Game Design Journey

The Victory Lap

When you finally defeat that final boss, that insurmountable obstacle, that darn puzzle that destroyed 5 of your best controllers, what do you want next? Do you want to take away your moment of victory with some new challenge, with maybe a small cutscene as a resting period? I mean, videogames have been doing this for years without end, just discarding our accomplishments immediately with some new, greater challenge. Now, in the movie world this makes sense, since our time is limited and so is our patience. But with videogames, we have all the time in the world between challenges, as well as some overpowered weapon we used to defeat some incredibly hard boss. So why not extend that victory a little?

This is exactly what GRIN does in its not-so-well regarded revival of the Bionic Commando franchise. After a particularly hard environmental puzzle or miniboss, they reward the player with some over powered weapon, some dumb goons with basic weaponry, and as many advantages as they can give you environmentally to, in the words of a wise man, "totally screw over their day". Now, with Bionic Commando's somewhat less than ideal Metacritic Score, it's easy to understand why this little slice of innovation was ignored by the masses, but that's no excuse. I want to see more games let me be a badass after taking on the final boss, not just throwing a cutscene at me.

Unless, of course, it's really really well done. But I digress…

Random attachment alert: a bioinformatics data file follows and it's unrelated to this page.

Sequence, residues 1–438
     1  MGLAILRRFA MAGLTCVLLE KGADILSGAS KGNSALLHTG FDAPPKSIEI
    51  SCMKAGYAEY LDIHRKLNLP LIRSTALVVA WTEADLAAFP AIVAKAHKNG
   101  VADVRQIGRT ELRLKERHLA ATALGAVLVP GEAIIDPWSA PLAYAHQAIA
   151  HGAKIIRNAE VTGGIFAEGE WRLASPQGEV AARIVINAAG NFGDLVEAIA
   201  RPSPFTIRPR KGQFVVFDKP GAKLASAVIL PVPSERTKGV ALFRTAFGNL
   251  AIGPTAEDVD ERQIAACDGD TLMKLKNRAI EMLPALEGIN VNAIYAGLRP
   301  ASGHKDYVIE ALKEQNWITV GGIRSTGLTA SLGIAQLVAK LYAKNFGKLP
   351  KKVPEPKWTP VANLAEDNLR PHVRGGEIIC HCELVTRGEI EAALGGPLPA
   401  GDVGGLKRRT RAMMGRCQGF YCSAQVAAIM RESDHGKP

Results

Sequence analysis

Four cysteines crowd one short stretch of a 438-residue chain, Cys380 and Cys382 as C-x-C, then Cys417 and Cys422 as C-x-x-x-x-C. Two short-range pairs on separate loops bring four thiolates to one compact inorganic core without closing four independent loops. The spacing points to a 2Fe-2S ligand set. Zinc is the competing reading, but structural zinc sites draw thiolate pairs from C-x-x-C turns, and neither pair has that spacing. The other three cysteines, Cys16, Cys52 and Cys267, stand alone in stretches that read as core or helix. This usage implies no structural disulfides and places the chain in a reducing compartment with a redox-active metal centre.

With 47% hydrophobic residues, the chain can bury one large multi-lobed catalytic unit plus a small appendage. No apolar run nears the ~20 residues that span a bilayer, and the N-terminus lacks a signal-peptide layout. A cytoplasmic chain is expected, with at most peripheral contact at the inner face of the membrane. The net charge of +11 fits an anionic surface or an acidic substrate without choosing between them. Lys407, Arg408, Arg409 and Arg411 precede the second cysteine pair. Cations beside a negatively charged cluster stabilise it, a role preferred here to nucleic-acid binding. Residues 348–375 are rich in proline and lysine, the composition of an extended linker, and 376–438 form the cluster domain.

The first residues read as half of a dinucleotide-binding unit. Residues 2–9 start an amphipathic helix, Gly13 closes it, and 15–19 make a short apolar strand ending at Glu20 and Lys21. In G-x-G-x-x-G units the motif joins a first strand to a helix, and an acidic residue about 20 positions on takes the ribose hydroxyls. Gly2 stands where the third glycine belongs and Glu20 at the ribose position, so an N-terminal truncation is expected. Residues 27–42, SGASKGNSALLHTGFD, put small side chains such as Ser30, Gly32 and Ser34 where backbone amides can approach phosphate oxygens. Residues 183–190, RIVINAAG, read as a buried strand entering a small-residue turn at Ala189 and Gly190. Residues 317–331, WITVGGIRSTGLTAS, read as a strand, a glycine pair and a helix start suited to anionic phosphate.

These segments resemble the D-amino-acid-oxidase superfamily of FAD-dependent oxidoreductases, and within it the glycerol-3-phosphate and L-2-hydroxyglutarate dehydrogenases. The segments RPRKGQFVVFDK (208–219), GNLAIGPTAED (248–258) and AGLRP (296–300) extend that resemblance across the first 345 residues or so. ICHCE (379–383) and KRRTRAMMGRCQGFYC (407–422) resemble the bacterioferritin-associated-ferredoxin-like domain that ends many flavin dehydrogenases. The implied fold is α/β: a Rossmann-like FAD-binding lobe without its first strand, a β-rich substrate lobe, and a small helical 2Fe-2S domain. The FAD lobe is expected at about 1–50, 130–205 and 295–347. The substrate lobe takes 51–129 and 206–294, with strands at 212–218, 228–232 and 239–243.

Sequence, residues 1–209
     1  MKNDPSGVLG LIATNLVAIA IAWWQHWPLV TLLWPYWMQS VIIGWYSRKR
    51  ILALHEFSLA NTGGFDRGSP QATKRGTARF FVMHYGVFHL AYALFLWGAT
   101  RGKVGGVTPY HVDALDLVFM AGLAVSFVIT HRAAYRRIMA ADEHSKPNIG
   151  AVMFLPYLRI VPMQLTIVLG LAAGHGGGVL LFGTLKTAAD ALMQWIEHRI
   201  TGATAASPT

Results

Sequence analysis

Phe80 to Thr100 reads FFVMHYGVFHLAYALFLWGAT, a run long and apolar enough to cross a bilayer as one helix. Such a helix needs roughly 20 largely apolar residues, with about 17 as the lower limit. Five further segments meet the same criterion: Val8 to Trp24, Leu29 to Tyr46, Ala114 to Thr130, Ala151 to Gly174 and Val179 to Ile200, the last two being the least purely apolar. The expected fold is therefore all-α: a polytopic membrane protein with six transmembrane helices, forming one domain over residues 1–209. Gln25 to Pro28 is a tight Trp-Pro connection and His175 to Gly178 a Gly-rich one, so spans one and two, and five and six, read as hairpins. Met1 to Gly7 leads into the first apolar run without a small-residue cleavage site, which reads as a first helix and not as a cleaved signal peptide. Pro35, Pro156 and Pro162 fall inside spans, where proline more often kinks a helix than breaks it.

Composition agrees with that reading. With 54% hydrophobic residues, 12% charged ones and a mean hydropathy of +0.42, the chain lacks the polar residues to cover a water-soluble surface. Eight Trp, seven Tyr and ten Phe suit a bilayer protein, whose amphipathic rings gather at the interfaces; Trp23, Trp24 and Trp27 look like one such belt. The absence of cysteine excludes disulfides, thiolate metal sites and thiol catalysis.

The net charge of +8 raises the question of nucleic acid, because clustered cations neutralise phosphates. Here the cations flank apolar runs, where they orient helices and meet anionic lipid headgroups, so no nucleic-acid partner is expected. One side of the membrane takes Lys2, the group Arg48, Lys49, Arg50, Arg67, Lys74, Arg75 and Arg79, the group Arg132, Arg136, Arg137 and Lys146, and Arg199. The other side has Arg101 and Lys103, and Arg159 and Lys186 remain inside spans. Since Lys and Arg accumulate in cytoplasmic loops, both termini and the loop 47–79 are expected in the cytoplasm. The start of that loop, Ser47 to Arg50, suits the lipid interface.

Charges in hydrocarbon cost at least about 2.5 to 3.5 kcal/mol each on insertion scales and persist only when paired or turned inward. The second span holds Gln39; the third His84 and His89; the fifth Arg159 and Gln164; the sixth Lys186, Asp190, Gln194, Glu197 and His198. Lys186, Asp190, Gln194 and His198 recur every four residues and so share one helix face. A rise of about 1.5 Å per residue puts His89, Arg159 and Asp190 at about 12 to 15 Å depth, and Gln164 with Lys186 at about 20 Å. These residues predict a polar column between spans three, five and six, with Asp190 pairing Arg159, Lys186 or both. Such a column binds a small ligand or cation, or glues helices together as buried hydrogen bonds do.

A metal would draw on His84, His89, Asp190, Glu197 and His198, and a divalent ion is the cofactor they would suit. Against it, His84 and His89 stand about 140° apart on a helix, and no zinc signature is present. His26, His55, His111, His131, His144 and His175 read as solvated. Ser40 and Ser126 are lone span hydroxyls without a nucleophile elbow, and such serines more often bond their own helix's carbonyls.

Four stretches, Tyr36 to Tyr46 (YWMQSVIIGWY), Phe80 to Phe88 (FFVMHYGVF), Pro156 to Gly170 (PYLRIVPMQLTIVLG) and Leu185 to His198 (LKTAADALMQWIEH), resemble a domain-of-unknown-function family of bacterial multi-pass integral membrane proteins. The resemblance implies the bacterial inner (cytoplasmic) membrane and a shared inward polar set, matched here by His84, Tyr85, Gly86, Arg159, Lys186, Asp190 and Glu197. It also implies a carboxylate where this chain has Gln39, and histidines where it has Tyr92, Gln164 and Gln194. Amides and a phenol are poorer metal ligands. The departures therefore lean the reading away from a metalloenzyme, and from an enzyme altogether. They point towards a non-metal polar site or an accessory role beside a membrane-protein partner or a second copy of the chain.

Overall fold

As we complete our goals, we build up a sense of accomplishment. This is not specific to gaming, and is ingrained in our minds from a very young age - to be proud of what you have done. The Victory Lap capitalizes on the euphoria of accomplishment that we feel after a particularly weighty challenge - a challenge we would give you an achievement* for accomplishing. While for some people merely unlocking the achievement is enough, others very easily ignore this feature. These "non-achievement" people derive status from the ingame challenge they have overcome, not from a virtual badge of honor that exists outside of the game. For these people, the reward must come in the form of more gameplay, which is where the victory lap comes in.

The Victory lap itself is a relative term, and it's definition is appropriately vague. For the purposes of this article, I am going to define it as "a gameplay segment that is preceded by a segment of unusually heightened difficulty and is meant to relieve the player's tension by weighing elements of the segment's design disproportionately to the player's advantage." In other words, following something hard with something easy.

Applying Victory Lap is not so simple as "follow every hard section with an easy section", however. Each use of the Victory Lap makes subsequent Victory Laps less useful and more obvious - you don't want it to become commonplace. For this reason, you want to use it with only your hardest sections that will really get a player wound up - or as said above, a section worthy of an achievement. These occur naturally right next to a story's flow points which is good, because the easiest place to insert a Victory Lap without player resistance is going to be right before a major story shift - they have few or no current objectives that they feel they are wasting time not handling.

The rewards of using the Victory Lap are not easy to see or track. By extending those good feelings one gets from a major encounter or bossfight, you're really enhancing the memory of their good feeling rather than creating a new one…if that makes sense. Or to put it another way, the Victory Lap doesn't really do anything for itself, but it makes the rest of the game seem a lot better than it may really be. Now, whether or not you want to play with players' feelings in that way may seem like a dilemma, but let's be honest here - If you really don't want to enhance the reaction you get from an audience, whether it's pleasure or fear or love, get out of entertainment. Now!

- lafigueroa